Process Manager ships with some default kinds of controller which lets you use a more concise command to run some common processes.

For example to install an Apache Tomcat distro with the name mycat, in this case Apache TomEE:

process:install -k tomcat mycat mvn:org.apache.openejb/apache-tomee/1.7.0/tar.gz/plus

You can use any URL for a distro of Tomcat you wish in the above command. For example you could refer to a specific HTTP URL for a Tomcat distro...

process:install -k tomcat mycat http://repo2.maven.org/maven2/org/apache/openejb/apache-tomee/1.7.0/apache-tomee-1.7.0-plus.tar.gz

To run Jetty:

process:install -k jetty myjetty http://central.maven.org/maven2/org/eclipse/jetty/jetty-distribution/8.1.4.v20120524/jetty-distribution-8.1.4.v20120524.tar.gz

or

process:install -k jetty myjetty mvn:org.eclipse.jetty/jetty-distribution/8.1.4.v20120524

Or to install a Fuse HQ Agent

process:install -k fusehq-agent myagent someURLToDistro

Working with processes from the Shell

Once a process is installed it given a number (1, 2, 3 etc) which refers to the ID used within the shell to refer to it, to be able to start/stop/restart etc. Note that this is not the same thing as the operating system PID!

To view the current installations and their IDs and PIDs use

ps

You'll then see the simple IDs, the real OS PIDs and the URLs of the installed processes.

Once you know the process number you can then start/stop/restart/status/kill it

process:start 1
process:restart 1
process:status 1

To see all the available process-related commands type as follows:

help process

Listing environment variables of managed process

In order to display the environment variables assigned by the Fabric8 to the managed process, use process:environment <pid> command.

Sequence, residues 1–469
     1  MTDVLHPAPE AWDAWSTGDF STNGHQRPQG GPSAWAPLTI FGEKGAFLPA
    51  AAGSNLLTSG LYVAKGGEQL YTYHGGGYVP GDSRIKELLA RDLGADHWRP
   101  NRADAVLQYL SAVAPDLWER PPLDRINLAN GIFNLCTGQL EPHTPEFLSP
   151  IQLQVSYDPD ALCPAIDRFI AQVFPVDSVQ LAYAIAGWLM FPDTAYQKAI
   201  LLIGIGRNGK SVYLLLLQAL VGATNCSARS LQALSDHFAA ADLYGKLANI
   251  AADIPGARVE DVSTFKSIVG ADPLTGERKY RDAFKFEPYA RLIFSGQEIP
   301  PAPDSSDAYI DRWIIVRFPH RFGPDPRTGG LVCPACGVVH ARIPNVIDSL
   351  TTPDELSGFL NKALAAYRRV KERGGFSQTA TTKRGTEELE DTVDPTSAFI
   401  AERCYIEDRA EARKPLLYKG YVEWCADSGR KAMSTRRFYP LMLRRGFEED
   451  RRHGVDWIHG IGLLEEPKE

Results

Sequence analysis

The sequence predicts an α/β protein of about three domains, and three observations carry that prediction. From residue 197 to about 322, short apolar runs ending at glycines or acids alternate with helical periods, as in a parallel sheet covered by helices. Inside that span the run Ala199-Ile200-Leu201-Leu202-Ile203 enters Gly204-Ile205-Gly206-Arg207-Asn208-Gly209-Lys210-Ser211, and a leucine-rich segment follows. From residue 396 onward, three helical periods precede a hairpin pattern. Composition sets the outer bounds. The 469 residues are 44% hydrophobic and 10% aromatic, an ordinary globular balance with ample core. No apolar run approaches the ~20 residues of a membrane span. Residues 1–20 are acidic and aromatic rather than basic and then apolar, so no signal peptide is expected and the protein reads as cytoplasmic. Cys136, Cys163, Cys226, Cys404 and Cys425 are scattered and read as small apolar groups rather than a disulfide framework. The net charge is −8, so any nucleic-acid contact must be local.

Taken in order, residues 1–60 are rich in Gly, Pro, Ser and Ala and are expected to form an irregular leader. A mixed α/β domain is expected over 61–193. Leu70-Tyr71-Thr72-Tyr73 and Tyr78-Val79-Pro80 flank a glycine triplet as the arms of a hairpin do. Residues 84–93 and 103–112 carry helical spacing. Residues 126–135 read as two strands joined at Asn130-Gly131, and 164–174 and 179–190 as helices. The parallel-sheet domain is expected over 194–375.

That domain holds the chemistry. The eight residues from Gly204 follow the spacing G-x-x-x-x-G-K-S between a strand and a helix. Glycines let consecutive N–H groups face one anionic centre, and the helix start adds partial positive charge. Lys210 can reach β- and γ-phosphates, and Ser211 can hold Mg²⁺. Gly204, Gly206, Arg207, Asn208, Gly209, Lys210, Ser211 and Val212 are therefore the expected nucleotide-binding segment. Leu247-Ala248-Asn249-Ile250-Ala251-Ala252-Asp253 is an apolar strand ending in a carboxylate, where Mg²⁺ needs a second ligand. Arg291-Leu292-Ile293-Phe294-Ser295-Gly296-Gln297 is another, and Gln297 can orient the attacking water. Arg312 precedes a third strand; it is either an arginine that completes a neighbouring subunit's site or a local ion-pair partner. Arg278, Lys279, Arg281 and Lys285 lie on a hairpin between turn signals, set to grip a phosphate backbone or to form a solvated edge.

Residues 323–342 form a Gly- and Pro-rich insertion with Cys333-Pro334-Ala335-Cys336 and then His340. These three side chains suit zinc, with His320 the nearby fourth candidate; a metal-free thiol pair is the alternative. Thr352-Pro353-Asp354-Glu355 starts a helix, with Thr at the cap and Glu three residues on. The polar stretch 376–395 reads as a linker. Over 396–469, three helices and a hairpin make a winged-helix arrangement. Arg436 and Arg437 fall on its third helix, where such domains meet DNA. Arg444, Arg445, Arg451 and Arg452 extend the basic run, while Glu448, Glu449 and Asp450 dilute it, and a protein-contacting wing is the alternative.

> process:environment myProcess
[Variable]                     [Value]
FABRIC8_CONTAINER_NAME         sb1
FABRIC8_HTTP_PORT              8080
FABRIC8_HTTP_PROXY_PORT        9002
FABRIC8_SSHD_PROXY_PORT        9000
FABRIC8_ZOOKEEPER_URL          192.168.122.1:2181

Installing a jar as a managed process

You can use the process:install-jar command to install a jar as a managed process as follows:

process:install-jar groupId artifactId version

e.g. to create a managed process from this sample jar:

 process:install-jar io.fabric8.samples process-sample-camel-spring 1.1.0

This will then download the jar using the maven coordinates (groupID / artifactId / version) and create a binary installation with the launcher to start/stop/restart the process etc

If the jar has no main class

Some jars just contain, say, Spring XML or blueprints and don't contain an executable main. If you need to supply one just specify the -m or --main options on the command line.

For example:

process:install-jar -m org.apache.camel.spring.Main io.fabric8.samples process-sample-camel-spring-just-xml 1.1.0

This will then boot up all the Spring XML files in the META-INF/spring/*.xml URI on the classpath.

Dependencies

Fabric will download all the dependencies of the installed jar and include them in the classpath of the managed JVM process. Dependencies are resolved and fetched using Maven dependency resolution mechanism.

Creating a managed process distro from Java code

See the example project for how you can take any jar with an executable main and turn it into a tar.gz which can then be installed directly.

Generally its a case of